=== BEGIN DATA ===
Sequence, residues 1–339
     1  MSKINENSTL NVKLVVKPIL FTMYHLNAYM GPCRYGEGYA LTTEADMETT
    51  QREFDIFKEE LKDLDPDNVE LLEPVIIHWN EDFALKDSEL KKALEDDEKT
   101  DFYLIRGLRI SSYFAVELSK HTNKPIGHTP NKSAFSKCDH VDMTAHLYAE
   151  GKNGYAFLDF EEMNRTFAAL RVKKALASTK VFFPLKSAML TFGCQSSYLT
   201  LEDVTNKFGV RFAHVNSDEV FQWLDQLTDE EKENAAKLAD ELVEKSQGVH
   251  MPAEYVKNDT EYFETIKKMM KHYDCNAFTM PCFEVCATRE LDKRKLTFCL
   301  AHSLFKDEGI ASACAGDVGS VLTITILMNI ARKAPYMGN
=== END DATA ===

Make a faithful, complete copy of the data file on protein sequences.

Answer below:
Sequence, residues 1–339
     1  MSKINENSTL NVKLVVKPIL FTMYHLNAYM GPCRYGEGYA LTTEADMETT
    51  QREFDIFKEE LKDLDPDNVE LLEPVIIHWN EDFALKDSEL KKALEDDEKT
   101  DFYLIRGLRI SSYFAVELSK HTNKPIGHTP NKSAFSKCDH VDMTAHLYAE
   151  GKNGYAFLDF EEMNRTFAAL RVKKALASTK VFFPLKSAML TFGCQSSYLT
   201  LEDVTNKFGV RFAHVNSDEV FQWLDQLTDE EKENAAKLAD ELVEKSQGVH
   251  MPAEYVKNDT EYFETIKKMM KHYDCNAFTM PCFEVCATRE LDKRKLTFCL
   301  AHSLFKDEGI ASACAGDVGS VLTITILMNI ARKAPYMGN